Wilson, the architect, says when this "mother of all green projects" is done, it should use about half the electricity of a conventional office. In fact, the job should end up earning the highest possible rating — platinum — from the U.S. Green Building Council, the very folks who will populate the work pods and offices.
Planning For Future Demand
Because this office is a showcase, Wilson could make many expensive choices and not worry so much about whether they'd ever save enough in energy bills to justify the cost. That said, Wilson imagines the energy savings if every office in downtown Washington were able to accomplish what this one is doing.
"Certainly if you were to take every building and cut the energy use by 50 percent, that would go a long way toward solving the need for more power plants," he says.
And if you don't need more power plants, you don't need more transmission wires. Right? Well, not so fast.
Revis James, who works for the industry-funded Electric Power Research Institute, says his organization spends a lot of time looking down the road 20 or 30 years to see what our future electricity needs will be.
James says demand has been growing thanks to a proliferation of energy-hungry microwaves, computers, giant TVs and other plug-in devices. That wave of invention may be cresting.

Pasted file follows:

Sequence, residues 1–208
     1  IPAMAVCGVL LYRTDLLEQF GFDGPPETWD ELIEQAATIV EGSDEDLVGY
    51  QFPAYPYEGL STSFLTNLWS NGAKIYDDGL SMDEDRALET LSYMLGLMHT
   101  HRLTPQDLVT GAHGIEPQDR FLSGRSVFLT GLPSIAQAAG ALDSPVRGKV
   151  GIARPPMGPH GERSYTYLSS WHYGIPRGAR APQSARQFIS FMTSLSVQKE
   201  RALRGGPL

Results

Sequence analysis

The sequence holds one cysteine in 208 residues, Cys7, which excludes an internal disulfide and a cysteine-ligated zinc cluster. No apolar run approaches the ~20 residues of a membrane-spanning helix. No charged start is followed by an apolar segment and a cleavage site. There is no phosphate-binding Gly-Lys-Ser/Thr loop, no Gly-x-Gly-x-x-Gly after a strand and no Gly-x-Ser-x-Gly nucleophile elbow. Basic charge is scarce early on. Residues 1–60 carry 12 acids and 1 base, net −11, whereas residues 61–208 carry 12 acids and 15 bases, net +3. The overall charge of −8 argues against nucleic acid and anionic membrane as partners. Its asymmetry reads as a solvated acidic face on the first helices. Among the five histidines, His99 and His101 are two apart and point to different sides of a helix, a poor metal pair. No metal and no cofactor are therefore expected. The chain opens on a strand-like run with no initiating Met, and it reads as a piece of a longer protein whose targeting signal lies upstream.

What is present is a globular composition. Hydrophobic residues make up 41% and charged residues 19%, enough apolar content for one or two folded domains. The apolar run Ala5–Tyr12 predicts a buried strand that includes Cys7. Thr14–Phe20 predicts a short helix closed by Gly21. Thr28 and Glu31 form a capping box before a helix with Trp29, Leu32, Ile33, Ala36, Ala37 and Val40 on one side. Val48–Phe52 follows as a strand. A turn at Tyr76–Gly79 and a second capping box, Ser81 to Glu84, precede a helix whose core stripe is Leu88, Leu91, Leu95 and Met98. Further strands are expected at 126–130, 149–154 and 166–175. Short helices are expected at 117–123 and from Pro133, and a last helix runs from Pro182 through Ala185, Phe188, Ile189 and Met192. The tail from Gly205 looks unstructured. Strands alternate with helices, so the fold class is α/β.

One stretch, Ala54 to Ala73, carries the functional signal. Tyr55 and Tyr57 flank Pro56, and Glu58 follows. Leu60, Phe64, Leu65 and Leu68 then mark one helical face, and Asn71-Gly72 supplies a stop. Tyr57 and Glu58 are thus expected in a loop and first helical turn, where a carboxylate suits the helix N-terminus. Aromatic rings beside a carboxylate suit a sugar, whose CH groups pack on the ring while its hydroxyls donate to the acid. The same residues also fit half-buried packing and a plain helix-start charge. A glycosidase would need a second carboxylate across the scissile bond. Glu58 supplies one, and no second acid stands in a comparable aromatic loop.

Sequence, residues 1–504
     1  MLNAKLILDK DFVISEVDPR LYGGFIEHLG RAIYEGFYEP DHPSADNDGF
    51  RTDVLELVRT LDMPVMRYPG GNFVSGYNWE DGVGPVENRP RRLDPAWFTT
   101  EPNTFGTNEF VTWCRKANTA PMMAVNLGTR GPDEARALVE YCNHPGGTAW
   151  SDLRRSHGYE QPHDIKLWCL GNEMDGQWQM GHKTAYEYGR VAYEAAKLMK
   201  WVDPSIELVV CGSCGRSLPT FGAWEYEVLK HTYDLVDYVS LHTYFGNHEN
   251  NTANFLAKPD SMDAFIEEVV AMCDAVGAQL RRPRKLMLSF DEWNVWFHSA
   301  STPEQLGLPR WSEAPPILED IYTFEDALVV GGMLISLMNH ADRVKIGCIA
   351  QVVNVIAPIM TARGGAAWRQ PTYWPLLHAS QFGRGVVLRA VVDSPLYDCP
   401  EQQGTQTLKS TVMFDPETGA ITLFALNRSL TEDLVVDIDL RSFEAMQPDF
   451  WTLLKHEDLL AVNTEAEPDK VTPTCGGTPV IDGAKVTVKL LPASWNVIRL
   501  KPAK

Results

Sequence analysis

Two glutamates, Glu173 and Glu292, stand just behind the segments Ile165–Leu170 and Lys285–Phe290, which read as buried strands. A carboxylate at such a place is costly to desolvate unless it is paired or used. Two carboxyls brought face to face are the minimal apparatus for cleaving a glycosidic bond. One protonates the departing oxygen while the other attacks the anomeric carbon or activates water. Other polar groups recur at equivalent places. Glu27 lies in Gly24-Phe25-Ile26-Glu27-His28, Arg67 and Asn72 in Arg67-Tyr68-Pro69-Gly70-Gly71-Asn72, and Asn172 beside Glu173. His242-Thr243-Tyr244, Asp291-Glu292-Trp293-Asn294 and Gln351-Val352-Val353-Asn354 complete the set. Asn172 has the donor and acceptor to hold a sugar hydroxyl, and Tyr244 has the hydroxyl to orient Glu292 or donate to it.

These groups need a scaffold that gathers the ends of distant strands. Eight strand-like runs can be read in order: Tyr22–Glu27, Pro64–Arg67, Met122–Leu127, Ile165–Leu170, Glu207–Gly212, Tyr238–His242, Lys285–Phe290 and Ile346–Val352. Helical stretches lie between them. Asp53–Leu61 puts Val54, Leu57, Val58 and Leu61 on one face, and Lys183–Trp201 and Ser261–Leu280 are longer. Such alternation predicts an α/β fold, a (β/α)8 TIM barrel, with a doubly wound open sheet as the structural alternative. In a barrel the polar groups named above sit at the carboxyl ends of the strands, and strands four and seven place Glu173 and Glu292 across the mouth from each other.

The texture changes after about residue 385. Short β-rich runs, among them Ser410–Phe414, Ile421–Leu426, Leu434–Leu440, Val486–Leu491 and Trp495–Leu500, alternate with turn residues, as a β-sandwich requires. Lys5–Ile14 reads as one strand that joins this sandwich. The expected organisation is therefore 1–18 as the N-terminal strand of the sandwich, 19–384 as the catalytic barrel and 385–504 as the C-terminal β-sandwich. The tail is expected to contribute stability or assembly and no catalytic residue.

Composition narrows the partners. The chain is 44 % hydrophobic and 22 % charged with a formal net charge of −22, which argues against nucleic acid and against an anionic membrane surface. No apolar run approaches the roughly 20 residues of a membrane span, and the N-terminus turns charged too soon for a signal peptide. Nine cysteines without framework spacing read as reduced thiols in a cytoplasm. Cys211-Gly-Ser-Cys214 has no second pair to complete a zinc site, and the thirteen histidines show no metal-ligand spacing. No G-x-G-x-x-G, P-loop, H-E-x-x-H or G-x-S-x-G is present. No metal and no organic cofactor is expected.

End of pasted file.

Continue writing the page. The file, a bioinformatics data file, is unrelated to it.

"Over the time frame of the next 20 or 30 years, I don't think we're going to see a tremendous change in the fundamental nature of the devices and the types of things that create a demand for electricity," James says.
What will really drive new demand is the steady trickle of a growing economy — and constant population growth.
"When you take a very moderate growth rating assumption, and you extend that out into time — not just a couple of years, not just five years not just 10 years; you extend that out for 50 years — even modest growth rates translate to significant amounts of energy," James says.
For example, the Census Bureau projects that in 30 years, the United States will have 100 million more people, in addition to the 300 million residents today. And James figures that population growth will more than wipe out the gains from efficiency programs.
What's more, some of the things that are now powered by fossil fuels, like cars and even furnaces, may eventually be phased out as climate change is addressed.
"A time will come when the emissions we get from natural gas will become too much, and we'll have to eliminate that, too," James says.
What energy source is left? Electricity, presuming it's from a carbon-free source.
So even the optimists acknowledge that new transmission lines must be built, and the existing electric grid must be made smarter.
That brings us back to Owens, at the Green Building Council's flashy new digs in Washington.
"We need to have the smart grid work with smarter buildings to really make sure the potential of both is optimized," he says.
Both approaches are tools for getting the job done, but they're not solutions in themselves.